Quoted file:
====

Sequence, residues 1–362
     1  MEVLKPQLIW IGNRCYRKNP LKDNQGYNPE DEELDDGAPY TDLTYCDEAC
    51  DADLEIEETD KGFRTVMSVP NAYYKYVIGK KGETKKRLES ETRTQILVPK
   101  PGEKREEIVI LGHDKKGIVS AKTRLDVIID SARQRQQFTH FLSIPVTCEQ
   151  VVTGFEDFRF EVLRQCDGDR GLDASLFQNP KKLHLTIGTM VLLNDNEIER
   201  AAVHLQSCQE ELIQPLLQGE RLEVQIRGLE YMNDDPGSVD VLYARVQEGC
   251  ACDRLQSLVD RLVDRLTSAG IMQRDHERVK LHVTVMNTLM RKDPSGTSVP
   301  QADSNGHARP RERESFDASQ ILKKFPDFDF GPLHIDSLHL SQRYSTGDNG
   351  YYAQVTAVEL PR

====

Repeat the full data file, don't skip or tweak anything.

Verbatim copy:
Sequence, residues 1–362
     1  MEVLKPQLIW IGNRCYRKNP LKDNQGYNPE DEELDDGAPY TDLTYCDEAC
    51  DADLEIEETD KGFRTVMSVP NAYYKYVIGK KGETKKRLES ETRTQILVPK
   101  PGEKREEIVI LGHDKKGIVS AKTRLDVIID SARQRQQFTH FLSIPVTCEQ
   151  VVTGFEDFRF EVLRQCDGDR GLDASLFQNP KKLHLTIGTM VLLNDNEIER
   201  AAVHLQSCQE ELIQPLLQGE RLEVQIRGLE YMNDDPGSVD VLYARVQEGC
   251  ACDRLQSLVD RLVDRLTSAG IMQRDHERVK LHVTVMNTLM RKDPSGTSVP
   301  QADSNGHARP RERESFDASQ ILKKFPDFDF GPLHIDSLHL SQRYSTGDNG
   351  YYAQVTAVEL PR